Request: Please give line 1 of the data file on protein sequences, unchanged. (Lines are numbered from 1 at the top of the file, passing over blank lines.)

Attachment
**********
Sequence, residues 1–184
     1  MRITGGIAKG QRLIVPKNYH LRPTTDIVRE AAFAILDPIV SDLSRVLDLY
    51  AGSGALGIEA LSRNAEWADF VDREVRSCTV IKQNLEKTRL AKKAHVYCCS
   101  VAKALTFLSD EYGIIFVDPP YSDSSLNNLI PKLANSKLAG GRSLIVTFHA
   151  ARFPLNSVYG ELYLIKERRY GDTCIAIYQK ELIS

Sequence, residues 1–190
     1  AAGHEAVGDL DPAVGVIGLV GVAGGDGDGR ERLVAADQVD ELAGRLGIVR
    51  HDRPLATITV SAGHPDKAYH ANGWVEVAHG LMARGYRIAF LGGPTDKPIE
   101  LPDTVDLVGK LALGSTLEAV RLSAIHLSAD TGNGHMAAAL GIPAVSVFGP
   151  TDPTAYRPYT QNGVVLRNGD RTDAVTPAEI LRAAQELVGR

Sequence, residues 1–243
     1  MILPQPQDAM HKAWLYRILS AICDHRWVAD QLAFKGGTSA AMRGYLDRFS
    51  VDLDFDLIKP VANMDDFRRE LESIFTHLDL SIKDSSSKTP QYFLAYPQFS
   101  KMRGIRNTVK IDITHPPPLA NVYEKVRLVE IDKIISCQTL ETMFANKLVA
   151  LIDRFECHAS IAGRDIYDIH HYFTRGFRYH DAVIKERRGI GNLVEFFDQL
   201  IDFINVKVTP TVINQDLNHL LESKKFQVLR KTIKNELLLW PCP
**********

Sequence, residues 1–184